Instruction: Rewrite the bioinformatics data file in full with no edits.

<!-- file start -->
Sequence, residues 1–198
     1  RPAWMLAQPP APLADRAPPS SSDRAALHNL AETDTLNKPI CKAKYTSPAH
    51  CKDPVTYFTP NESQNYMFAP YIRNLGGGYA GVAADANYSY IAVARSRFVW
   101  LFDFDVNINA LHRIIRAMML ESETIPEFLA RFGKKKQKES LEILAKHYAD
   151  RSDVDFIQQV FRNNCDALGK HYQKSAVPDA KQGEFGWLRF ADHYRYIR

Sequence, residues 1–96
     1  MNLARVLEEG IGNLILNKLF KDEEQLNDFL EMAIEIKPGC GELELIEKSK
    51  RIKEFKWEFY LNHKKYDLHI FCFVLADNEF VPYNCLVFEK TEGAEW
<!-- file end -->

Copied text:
Sequence, residues 1–198
     1  RPAWMLAQPP APLADRAPPS SSDRAALHNL AETDTLNKPI CKAKYTSPAH
    51  CKDPVTYFTP NESQNYMFAP YIRNLGGGYA GVAADANYSY IAVARSRFVW
   101  LFDFDVNINA LHRIIRAMML ESETIPEFLA RFGKKKQKES LEILAKHYAD
   151  RSDVDFIQQV FRNNCDALGK HYQKSAVPDA KQGEFGWLRF ADHYRYIR

Sequence, residues 1–96
     1  MNLARVLEEG IGNLILNKLF KDEEQLNDFL EMAIEIKPGC GELELIEKSK
    51  RIKEFKWEFY LNHKKYDLHI FCFVLADNEF VPYNCLVFEK TEGAEW